A marking scheme as a means of controlling anti-social behaviour : A Hong Kong case

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Original languageEnglish
Pages (from-to)9 - 25
Journal / PublicationSurveying and Built Environment
Issue number1
Publication statusPublished - 2008


After the outbreak of the Severe Acute Respiratory Syndrome (SARS) in 2003, the Housing Department launched the Marking Scheme for Tenancy Enforcement in Public Housing Estates which aimed to improve the environmental hygiene in the pubic housing estates in Hong Kong. In effect, the marking scheme is a measure to arrest anti-social behaviour in the living environment, but why public rental housing is the sole target of the control remains unanswered. This study attempts to fill this gap by exploring whether such administration-driven delimitation can be explained from the perspective of welfare conditionality. While it seems that the housing costs of public housing tenants are heavily subsidized by the government, so that their behaviour should be closely monitored by some institutionalized arrangement, contradictions are created by the marking scheme. For example, other subsidized housing such as Home Ownership Scheme and Tenants Purchase Scheme estates are not subject to the marking scheme. Whether the misdeeds included in the scheme are all socially undesirable is doubtful. Based on the discussions made in this paper, recommendations are provided to public administrators regarding the fairness and transparency of the anti-social behaviour control in Hong Kong.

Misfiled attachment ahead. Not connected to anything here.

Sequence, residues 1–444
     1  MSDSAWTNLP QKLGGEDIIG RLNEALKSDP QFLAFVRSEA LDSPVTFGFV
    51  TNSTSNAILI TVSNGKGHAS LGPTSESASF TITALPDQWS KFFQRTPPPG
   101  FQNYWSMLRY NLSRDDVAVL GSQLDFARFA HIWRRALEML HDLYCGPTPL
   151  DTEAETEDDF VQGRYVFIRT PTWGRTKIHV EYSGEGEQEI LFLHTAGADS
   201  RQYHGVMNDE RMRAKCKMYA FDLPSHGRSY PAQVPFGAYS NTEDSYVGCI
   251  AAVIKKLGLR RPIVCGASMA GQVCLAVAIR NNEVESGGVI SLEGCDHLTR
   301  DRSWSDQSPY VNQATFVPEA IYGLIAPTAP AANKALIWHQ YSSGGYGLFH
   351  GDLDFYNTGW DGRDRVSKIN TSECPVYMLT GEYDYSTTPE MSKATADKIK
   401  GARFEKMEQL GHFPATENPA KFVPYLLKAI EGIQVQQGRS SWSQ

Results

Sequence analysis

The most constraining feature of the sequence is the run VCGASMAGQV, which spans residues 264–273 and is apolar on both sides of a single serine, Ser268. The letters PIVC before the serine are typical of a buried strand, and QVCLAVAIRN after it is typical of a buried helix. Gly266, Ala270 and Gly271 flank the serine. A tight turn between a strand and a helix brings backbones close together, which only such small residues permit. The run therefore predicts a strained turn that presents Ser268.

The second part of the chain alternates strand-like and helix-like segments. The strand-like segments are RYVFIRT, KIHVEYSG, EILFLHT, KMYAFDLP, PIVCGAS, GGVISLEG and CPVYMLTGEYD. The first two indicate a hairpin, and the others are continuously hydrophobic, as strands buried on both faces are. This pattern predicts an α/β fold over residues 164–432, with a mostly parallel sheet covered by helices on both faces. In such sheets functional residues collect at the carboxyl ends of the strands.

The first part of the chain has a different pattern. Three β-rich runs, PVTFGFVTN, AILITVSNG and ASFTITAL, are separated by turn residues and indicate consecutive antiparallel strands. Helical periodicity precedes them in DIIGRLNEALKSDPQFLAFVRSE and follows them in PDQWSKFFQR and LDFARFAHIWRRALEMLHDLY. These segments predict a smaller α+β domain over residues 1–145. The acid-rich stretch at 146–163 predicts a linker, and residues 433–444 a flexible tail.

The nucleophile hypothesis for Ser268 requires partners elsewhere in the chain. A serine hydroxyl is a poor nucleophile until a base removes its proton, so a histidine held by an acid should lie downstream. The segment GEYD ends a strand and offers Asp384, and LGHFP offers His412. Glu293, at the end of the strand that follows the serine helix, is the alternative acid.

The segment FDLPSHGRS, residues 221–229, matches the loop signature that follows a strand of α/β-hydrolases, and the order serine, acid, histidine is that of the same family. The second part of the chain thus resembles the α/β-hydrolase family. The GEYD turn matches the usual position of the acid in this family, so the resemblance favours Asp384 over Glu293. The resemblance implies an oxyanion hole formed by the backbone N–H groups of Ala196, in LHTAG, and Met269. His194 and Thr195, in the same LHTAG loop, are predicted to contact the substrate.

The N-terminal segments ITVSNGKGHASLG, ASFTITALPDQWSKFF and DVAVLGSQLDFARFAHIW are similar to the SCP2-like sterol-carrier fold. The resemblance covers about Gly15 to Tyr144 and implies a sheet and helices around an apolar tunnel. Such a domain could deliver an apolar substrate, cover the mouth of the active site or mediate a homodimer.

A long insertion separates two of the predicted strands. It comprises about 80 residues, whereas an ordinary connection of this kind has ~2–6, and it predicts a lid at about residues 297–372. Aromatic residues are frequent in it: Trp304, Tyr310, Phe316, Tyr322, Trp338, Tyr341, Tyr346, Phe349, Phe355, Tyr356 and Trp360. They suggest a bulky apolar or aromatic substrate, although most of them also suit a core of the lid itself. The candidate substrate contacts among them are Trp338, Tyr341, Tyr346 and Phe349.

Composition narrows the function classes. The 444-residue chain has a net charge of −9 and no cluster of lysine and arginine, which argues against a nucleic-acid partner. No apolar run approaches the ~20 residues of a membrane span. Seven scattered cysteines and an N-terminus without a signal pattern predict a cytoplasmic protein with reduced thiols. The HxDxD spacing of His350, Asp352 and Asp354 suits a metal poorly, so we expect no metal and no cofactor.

Research Area(s)

  • Anti-social behaviour, public rental housing, welfare conditionality Hong Kong